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The Much Anticipated 'Penny Dreadful: City of Angels' Discussed by the Creators and Stars
April 26, 2020  | By Mike Hughes

The new Penny Dreadful season – Penny Dreadful: City of Angels – sprawls across huge emotional turf.

It ranges from scheming Nazis to a sweet-spirited evangelist. It has crooked politicians, angry cops, displaced families, and a deadly Latina demon.

Yes, a demon. “As a Mexican, I have lots of stories in my family about supernatural things…. We love these stories,” Adriana Barraza told the Television Critics Association in January.

Barraza plays a bruja, or witch, but a nice one, trying to save her family. Much nastier is Magda, a shape-shifter. It’s an “actor’s dream, to play countless iterations” of the same character, Natalie Dormer said.

The season, starting Sunday (10:10 p.m. ET, 10 p.m. ET subsequent Sundays, on Showtime), is set in 1938 Los Angeles but not the Hollywood version.

For three seasons, Penny Dreadful told dark stories set in 19th-century England. Writer-producer John Logan said the Showtime programmers encouraged him to do some more.

“So I showed up at their office one day and said, ‘It’s not Victorian, it’s not Gothic; it’s the opposite. It’s bright, sunny L.A.”

Even in that setting, he found lots of darkness. For one thing, there were Nazi sympathizers. “New York was closed to them,” Logan said, “because Mayor La Guardia was half-Jewish…. Los Angeles was like the Wild West. The aircraft factories were centered here, the armament factories, the film studios, so it became really ripe for sabotage.”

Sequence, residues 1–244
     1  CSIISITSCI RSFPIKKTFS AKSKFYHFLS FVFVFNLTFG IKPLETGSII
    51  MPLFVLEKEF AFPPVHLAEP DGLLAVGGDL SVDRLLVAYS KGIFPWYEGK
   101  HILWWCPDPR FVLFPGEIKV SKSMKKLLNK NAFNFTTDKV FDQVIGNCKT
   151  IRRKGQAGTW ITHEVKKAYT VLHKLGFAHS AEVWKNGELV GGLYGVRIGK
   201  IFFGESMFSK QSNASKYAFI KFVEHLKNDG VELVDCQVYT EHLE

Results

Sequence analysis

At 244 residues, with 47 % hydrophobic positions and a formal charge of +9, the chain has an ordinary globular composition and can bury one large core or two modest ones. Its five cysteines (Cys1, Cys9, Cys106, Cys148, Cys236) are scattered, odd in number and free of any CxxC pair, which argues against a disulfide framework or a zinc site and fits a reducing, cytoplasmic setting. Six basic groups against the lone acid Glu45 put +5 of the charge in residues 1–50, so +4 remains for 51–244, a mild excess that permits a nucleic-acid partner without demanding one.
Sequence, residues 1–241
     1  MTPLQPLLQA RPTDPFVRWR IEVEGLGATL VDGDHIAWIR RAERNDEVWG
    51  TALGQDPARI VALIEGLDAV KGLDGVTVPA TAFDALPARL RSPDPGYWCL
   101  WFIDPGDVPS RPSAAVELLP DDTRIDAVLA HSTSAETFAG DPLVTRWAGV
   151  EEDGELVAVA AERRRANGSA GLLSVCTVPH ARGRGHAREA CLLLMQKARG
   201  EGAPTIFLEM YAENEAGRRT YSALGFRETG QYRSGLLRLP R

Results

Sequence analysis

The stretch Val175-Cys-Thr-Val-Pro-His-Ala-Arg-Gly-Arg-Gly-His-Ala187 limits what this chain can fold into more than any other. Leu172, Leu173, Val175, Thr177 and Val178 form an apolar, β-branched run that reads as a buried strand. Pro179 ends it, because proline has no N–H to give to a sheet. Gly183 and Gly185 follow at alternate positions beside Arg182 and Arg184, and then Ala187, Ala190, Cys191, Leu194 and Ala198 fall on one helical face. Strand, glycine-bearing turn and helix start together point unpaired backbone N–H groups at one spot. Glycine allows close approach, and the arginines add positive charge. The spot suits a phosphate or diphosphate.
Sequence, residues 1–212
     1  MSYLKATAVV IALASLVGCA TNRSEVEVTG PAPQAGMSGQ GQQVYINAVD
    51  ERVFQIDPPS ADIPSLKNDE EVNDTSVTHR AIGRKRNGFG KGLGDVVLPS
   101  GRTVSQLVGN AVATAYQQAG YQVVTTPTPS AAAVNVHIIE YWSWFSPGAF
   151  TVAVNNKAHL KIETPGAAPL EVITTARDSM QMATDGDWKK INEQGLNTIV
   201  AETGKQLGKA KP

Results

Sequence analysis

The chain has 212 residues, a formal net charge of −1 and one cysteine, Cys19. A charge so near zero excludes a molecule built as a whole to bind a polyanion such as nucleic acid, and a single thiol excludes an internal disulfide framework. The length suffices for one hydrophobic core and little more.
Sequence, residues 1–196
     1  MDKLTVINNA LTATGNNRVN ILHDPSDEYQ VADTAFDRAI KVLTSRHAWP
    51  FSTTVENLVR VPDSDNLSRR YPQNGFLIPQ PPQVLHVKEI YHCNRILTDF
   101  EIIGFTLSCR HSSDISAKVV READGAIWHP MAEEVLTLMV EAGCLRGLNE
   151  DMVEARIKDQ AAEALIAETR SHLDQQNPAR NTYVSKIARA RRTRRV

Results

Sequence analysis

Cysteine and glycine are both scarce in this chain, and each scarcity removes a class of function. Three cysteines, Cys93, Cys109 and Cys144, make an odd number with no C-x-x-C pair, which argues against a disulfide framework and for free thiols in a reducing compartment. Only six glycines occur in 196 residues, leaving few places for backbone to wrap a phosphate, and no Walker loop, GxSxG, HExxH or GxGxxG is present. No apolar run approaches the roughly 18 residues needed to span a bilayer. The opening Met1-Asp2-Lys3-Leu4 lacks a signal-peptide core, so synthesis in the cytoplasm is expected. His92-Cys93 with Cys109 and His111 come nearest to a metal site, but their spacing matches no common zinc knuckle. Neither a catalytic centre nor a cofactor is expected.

At the same time, Los Angeles was planning its first freeway – slicing through a Mexican-American neighborhood. “What began as a civil-engineering project turned into a sort of de facto social-engineering,” Logan said.

The freeways have gone on to decimate neighborhoods, he said. “If you live on Cesar Chavez Avenue and you want to walk to Los Angeles County General Hospital, less than a half-mile away, you have to cross 41 lanes of freeway.”

In his story, the Chicanos protest, the policemen gather, the braja prays for peace, and Magda whispers for war. In the midst of this is the braja’s son, the story’s central character.

“He’s kind of stuck between two worlds,” said Daniel Zovatto (top), who plays Tiago Vega. “He’s the first Chicano detective in the (police) force…. The freeway is being built right in his neighborhood, and it’s completely changing the dynamic between him and his family.”

Helping him is his police partner, a veteran cop, Lewis Michener, who has never fired a gun. He’s Jewish, in an era when bigotry was open.

“He’s got a lot of issues,” said Nathan Lane (top), who plays Michener. “He’s taken this young detective under his wing because no one else would partner with him…. He understands what being an outsider is.”

Audiences are used to seeing Lane do broad comedy on TV (Pepper in Modern Family), in movies (Producers, Birdcage), and on Broadway. But he’s also done dramas and now gets a deep one.

His on-set approach: “I barely make a joke,” he said, “and spend most of my time in prayer.”

Or not. “We have a lot of laughs doing this,” Lane said. “It’s been a tremendously happy experience…I can’t believe I have a stunt double. At 63, that’s very exciting.”

For Logan, a fun challenge was re-creating the era. “I love the late ‘30s,” he said. “I love the costumes, I love the hats, I love the guns, I love the cars. There’s a certain patina and panache to design.”

Some things came easily; the Los Angeles City Hall, built in 1928, offers an elegant setting. 
And some are more complicated, Logan said. “We bought hundreds of cars, and we rent other cars.”

Joked Lane: “They all came from Jay Leno, I believe.”

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